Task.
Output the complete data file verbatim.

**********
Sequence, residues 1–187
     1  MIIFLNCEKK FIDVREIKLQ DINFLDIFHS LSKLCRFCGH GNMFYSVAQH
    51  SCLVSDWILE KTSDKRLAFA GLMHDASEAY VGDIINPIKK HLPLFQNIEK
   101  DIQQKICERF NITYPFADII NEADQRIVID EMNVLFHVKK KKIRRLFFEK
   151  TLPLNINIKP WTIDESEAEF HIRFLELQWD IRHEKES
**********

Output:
Sequence, residues 1–187
     1  MIIFLNCEKK FIDVREIKLQ DINFLDIFHS LSKLCRFCGH GNMFYSVAQH
    51  SCLVSDWILE KTSDKRLAFA GLMHDASEAY VGDIINPIKK HLPLFQNIEK
   101  DIQQKICERF NITYPFADII NEADQRIVID EMNVLFHVKK KKIRRLFFEK
   151  TLPLNINIKP WTIDESEAEF HIRFLELQWD IRHEKES